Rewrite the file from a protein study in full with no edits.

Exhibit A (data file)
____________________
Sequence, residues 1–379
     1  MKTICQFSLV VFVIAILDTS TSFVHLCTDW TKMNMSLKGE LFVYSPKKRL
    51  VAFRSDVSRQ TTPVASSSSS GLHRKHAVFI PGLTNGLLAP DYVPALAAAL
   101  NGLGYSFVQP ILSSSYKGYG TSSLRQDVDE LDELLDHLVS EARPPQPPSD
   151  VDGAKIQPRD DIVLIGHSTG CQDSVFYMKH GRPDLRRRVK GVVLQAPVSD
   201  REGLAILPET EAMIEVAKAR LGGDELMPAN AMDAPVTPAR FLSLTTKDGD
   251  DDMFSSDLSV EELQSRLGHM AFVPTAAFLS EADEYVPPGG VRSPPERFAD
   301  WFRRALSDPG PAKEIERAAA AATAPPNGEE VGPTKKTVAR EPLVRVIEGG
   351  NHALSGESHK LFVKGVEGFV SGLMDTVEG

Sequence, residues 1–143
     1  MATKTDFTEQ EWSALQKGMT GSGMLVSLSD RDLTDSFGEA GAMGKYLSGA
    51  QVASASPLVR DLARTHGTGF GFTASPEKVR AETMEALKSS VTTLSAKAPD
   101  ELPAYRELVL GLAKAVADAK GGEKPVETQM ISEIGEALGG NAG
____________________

Sequence, residues 1–379
     1  MKTICQFSLV VFVIAILDTS TSFVHLCTDW TKMNMSLKGE LFVYSPKKRL
    51  VAFRSDVSRQ TTPVASSSSS GLHRKHAVFI PGLTNGLLAP DYVPALAAAL
   101  NGLGYSFVQP ILSSSYKGYG TSSLRQDVDE LDELLDHLVS EARPPQPPSD
   151  VDGAKIQPRD DIVLIGHSTG CQDSVFYMKH GRPDLRRRVK GVVLQAPVSD
   201  REGLAILPET EAMIEVAKAR LGGDELMPAN AMDAPVTPAR FLSLTTKDGD
   251  DDMFSSDLSV EELQSRLGHM AFVPTAAFLS EADEYVPPGG VRSPPERFAD
   301  WFRRALSDPG PAKEIERAAA AATAPPNGEE VGPTKKTVAR EPLVRVIEGG
   351  NHALSGESHK LFVKGVEGFV SGLMDTVEG

Sequence, residues 1–143
     1  MATKTDFTEQ EWSALQKGMT GSGMLVSLSD RDLTDSFGEA GAMGKYLSGA
    51  QVASASPLVR DLARTHGTGF GFTASPEKVR AETMEALKSS VTTLSAKAPD
   101  ELPAYRELVL GLAKAVADAK GGEKPVETQM ISEIGEALGG NAG